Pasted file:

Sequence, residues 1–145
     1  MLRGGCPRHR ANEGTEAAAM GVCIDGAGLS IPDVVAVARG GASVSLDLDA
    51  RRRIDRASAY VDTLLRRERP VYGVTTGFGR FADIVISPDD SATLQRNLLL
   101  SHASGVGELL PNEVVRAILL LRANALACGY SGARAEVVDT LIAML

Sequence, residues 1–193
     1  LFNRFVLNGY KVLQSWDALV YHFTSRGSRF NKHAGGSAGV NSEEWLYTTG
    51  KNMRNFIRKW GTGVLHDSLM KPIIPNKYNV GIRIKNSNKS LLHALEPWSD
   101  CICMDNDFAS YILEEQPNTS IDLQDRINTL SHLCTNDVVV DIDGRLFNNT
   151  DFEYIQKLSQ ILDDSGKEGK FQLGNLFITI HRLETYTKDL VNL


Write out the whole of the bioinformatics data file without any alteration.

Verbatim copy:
Sequence, residues 1–145
     1  MLRGGCPRHR ANEGTEAAAM GVCIDGAGLS IPDVVAVARG GASVSLDLDA
    51  RRRIDRASAY VDTLLRRERP VYGVTTGFGR FADIVISPDD SATLQRNLLL
   101  SHASGVGELL PNEVVRAILL LRANALACGY SGARAEVVDT LIAML

Sequence, residues 1–193
     1  LFNRFVLNGY KVLQSWDALV YHFTSRGSRF NKHAGGSAGV NSEEWLYTTG
    51  KNMRNFIRKW GTGVLHDSLM KPIIPNKYNV GIRIKNSNKS LLHALEPWSD
   101  CICMDNDFAS YILEEQPNTS IDLQDRINTL SHLCTNDVVV DIDGRLFNNT
   151  DFEYIQKLSQ ILDDSGKEGK FQLGNLFITI HRLETYTKDL VNL